Friday, December 20, 2013

'Tis the Season?

I am having lots of trouble getting into the spirit of the season of Thanksgiving, love, and togetherness.  I suppose that it would have something to do with my ex-fiancee leaving me a "Dear John" letter and packing up all of the belongings while I was at work last month, leaving me with about $3,000 in bills to pay by myself.  Maybe it has something to do with the fact that I do not have a family of my own with which to celebrate.  It could even be the fact that too much favoritism rears its ugly head in the form of gift-giving.  My family and future have been broken, and I feel like little has been accomplished this year.

Then there is the opposite side of the coin.  I have a home, a loving mother, a relatively stress-less job teaching bright, enthusiastic students.  I earned my teaching license (which I just received in the mail!).  My niece will soon be born, and my graduate school has been put on hold.  These are all blessings which I really took for granted until last year when I taught students who were homeless and had very little but that which they made for themselves.  If I look at my problems, they seem very minute in comparison.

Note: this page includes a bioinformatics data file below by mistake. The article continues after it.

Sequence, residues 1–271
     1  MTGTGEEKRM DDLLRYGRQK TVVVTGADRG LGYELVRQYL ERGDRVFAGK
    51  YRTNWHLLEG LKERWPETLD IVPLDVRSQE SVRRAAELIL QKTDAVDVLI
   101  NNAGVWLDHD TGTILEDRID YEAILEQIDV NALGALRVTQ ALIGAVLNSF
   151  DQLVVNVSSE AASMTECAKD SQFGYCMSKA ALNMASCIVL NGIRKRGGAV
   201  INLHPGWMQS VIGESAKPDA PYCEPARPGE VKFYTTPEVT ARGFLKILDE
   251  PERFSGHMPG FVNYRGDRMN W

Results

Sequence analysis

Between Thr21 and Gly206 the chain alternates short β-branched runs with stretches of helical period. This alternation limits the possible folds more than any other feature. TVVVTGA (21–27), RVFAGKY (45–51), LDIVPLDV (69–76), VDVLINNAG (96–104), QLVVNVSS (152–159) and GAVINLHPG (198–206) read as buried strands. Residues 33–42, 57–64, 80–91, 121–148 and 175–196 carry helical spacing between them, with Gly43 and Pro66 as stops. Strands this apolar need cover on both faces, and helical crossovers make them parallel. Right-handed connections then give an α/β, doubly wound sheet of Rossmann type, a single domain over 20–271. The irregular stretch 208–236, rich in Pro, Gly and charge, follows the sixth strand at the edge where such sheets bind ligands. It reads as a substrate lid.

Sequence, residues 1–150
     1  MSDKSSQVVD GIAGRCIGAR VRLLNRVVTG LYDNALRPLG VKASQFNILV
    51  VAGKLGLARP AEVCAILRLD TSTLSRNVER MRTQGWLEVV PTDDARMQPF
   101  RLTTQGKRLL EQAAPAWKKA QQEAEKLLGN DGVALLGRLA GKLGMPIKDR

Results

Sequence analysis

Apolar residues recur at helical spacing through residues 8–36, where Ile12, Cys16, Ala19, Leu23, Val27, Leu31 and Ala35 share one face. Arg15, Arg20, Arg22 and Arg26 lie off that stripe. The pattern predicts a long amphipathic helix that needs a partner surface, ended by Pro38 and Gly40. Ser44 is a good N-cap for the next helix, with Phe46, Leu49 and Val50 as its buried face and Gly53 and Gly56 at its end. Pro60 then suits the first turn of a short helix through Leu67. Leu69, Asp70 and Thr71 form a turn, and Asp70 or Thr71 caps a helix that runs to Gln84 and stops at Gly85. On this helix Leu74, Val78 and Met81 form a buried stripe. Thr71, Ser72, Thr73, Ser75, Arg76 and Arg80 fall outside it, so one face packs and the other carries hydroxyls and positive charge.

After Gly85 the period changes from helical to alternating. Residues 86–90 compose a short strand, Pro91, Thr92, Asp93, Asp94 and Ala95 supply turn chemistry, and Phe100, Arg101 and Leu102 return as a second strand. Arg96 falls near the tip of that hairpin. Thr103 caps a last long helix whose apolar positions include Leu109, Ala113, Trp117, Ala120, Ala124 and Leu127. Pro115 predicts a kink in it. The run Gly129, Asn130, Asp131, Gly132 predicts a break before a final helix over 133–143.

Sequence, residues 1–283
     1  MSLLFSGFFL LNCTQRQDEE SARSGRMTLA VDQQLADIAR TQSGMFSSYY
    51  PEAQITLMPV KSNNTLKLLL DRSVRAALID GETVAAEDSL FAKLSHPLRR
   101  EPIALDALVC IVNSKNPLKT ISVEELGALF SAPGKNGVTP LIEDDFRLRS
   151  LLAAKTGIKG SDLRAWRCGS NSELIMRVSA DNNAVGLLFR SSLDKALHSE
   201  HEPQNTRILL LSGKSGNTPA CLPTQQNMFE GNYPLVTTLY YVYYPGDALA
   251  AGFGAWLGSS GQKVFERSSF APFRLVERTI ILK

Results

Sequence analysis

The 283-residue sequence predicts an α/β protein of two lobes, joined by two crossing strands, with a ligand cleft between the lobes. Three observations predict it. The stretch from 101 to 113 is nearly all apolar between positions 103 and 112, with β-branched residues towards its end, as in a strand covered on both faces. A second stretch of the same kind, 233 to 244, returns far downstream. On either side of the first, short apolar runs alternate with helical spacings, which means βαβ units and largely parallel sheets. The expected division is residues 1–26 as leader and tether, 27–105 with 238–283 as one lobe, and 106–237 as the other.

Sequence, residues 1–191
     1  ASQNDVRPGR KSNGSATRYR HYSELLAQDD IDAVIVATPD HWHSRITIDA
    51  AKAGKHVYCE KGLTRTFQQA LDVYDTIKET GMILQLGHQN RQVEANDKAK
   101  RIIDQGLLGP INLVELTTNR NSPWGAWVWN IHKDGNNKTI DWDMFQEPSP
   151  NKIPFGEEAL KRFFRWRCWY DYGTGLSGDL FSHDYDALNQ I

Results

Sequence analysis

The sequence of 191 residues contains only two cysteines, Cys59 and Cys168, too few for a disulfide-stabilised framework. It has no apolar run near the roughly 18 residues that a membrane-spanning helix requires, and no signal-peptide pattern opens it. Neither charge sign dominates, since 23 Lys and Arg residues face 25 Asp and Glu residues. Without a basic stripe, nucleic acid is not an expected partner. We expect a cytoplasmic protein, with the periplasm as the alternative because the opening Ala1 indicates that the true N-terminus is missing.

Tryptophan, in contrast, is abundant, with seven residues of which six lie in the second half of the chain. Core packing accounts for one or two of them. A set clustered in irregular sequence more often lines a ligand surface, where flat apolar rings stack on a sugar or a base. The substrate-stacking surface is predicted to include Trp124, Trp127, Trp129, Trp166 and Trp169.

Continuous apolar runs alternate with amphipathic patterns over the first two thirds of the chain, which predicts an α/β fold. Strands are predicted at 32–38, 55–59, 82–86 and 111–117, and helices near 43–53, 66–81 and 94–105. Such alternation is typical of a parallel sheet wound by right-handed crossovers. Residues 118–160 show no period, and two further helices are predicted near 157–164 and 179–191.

So, for this season of giving and merry-making, I encourage each of you to look to those examples of those with less.  Enjoy the little amount of time left with our loved ones this year, put aside pettiness.  As Anne of Green Gables says, "Tomorrow is always fresh with no mistakes in it."  So let's make that our goals and aspirations for next year.  I am going to enjoy what I have and try not to dwell in the land of negativity next year.  And who knows...maybe this year it will stick!

Monday, December 12, 2011

Digital Scrapbooking Giveaway!!!

Over the next two weeks, I will be hosting a Digital Scrapbooking Suite Giveaway on my other blog site.  Feel free to check it out and enter http://missasmuse.blogspot.com/2011/12/digital-scrapbooking-giveaway.html.  There are 8 ways to enter, so remember to leave a comment for each "quest" that you fulfill.  The winner will be chosen on December 24, 2011.  This will make one very special person very happy for the holiday season!

Friday, October 7, 2011

Day of At"ONE"ment

I recently celebrated Rosh Hashana with my family.  We indulged in tzimmes, carmelized apple kugel, apples and challah in honey, and offered greetings of "L'shana Tova!" wishing that each and everyone of us has a "Sweet New Year."